Why New York police officers turned their backs on the mayor

Bill de Blasio risked the ire of New Yorkers by leaving for G20 in a tense time at home

Donald Trump's presence at the G20 summit and the leadership pretensions of his daughter Ivanka, who replaced him for a time at the top table, may have stolen the limelight at last week's event in Hamburg, but the annual gathering stoked controversy elsewhere.

New York mayor Bill de Blasio also made the trip to Hamburg, much to the surprise of his constituents. The visit was announced just hours before he boarded a flight to Europe, and the response was less than rapturous.

As the heat cranks up on the east coast of America, New Yorkers are having a hot and sticky summer.

In particular, the aged and rickety subway system that pummels life into the city is beginning to show its age.


A report this week claimed that 74 per cent of subway riders were late for work in the past three months due to delays

This week repairs began on Penn Station, heralding what may be a "summer of hell" for commuters, in the words of governor Andrew Cuomo. Two weeks ago a train derailed at the station, injuring 34 people. Delays on the line and overcrowding are common.

A report this week claimed that 74 per cent of subway riders were late for work in the past three months due to delays. "Our subway system is in crisis," declared the city's financial controller, Scott Stringer, at a press conference outside West 72nd Street subway station on Sunday.

Blame game

De Blasio and Cuomo have been blaming each other about who has responsibility for the city’s ailing public transport.

"He's in charge and he should just own up to it and take this responsibility seriously and put forward a plan," de Blasio said in March. Technically he is correct – the state government, based in upstate New York, holds the purse-strings. Cuomo has given the Metropolitan Transportation Authority 60 days to come up with an assessment on track repairs and signal upgrades.

Miosotis Familia was sitting in the front seat of a patrol truck doing paperwork when a gunman shot her in the head

But the hostile reaction to de Blasio’s taxpayer-funded trip to Hamburg, where he spoke at a nonviolent demonstration against the G20 meeting, was not just down to the state’s transport and budgeting woes. De Blasio left for Hamburg a day after a 48-year-old police officer was killed in the city.

Miosotis Familia, a mother of three, was sitting in the front seat of a patrol truck doing paperwork shortly after beginning her night shift in the early hours of July 5th when a gunman opened fire and shot her in the head. She was rushed to hospital but did not survive. The gunman, who was shot by police, had earlier been the subject of several 911 calls by his girlfriend, who reported erratic and paranoid behaviour. He had also previously posted anti-police material on social media.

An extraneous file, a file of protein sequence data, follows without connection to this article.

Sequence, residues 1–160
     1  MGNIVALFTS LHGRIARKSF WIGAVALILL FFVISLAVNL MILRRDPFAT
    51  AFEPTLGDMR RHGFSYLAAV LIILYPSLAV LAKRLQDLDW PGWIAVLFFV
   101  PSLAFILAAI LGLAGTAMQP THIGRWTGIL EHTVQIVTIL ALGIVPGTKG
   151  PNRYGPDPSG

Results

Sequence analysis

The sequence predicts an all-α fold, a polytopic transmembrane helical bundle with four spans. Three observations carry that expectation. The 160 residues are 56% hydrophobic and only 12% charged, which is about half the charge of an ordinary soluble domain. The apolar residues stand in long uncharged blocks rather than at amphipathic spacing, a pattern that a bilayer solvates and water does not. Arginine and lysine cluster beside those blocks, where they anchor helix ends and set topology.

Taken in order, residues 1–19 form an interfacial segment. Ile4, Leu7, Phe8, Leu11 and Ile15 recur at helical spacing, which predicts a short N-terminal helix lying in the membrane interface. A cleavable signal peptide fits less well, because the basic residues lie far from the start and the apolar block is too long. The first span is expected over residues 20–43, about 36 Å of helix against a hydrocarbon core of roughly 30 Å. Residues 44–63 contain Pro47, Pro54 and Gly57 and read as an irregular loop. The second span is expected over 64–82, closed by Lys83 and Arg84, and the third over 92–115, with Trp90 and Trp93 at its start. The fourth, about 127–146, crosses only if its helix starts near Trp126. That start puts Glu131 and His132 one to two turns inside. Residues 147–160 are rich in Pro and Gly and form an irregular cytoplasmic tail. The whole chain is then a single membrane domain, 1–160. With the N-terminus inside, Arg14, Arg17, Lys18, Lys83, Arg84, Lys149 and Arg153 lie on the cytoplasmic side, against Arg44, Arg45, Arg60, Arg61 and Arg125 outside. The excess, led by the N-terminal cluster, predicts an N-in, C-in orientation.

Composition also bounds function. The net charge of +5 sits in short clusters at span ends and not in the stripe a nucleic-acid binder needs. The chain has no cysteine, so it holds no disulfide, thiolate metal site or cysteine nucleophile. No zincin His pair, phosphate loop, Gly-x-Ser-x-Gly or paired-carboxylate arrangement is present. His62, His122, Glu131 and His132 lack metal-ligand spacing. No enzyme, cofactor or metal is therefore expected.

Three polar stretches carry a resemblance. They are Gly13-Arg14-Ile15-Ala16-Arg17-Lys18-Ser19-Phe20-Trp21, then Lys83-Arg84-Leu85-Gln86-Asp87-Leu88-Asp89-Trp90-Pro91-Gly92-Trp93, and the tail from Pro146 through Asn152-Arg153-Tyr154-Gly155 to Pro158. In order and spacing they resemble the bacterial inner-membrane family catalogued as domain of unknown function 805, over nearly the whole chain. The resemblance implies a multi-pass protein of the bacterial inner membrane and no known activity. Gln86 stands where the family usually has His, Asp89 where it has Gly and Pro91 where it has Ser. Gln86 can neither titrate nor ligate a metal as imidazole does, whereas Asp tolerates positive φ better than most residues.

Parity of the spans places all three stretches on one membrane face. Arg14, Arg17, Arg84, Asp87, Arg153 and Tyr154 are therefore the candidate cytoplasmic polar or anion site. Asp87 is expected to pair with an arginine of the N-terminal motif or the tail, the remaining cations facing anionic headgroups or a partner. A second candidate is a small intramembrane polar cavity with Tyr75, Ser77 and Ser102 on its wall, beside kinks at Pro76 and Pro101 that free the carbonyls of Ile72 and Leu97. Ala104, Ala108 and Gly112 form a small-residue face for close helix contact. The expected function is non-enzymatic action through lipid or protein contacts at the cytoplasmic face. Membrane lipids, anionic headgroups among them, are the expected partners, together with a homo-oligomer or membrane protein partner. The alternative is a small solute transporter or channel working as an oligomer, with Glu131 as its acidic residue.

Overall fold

Familia grew up one of 10 children in the Bronx, where she still lived with her children and cared for her mother. She lived just miles from where she was shot.

Thousands of people lined the streets for her funeral, which took place in the heart of the area where she lived, worked and ultimately was killed.

Tense times

The shooting has brought back into focus not just the reality of gun crime in the United States but the tensions between police and civilians that have surfaced in American society in recent years.

Almost exactly a year ago a gunman killed five police officers in Dallas, after a demonstration against the shooting of black civilians by police officers in Louisiana and Minnesota turned violent.

The shooting of Miosotis also recalled the shooting of two police officers, Wenjian Liu and Rafael Ramos, who were ambushed and shot in a patrol car in Brooklyn in December 2014. The perpetrator, 28-year-old Ismaaiyl Brinsley, who also shot himself, had earlier declared his intention on Instagram to kill police officers as a response to the police killings of two black men, Michael Brown and Eric Garner. The father of Wenjian Liu was among those who attended this week's funeral.

De Blasio's justification for travelling was that the world needed to know not all Americans supported Trump's policies

De Blasio spoke at the funeral on Tuesday. He said Familia embodied the American dream – a first-generation immigrant, the first in her family to go to college. But for some police officers the words were not enough. There were reports that a small number of officers outside the church turned their backs as the mayor spoke, recalling the funeral of Liu in early 2015, when hundreds of police officers turned their back on the mayor.

De Blasio's justification for travelling to Hamburg was that the world needed to know that not all Americans supported Trump's policies. But for many Americans the reality of life, and the challenges it brings, continues despite who is in the White House. As the head of the Patrolmen's Benevolent Association, Patrick Lynch, put it, "the mayor is the compass for the city of New York. He should have been here with the family. He should have been there with us."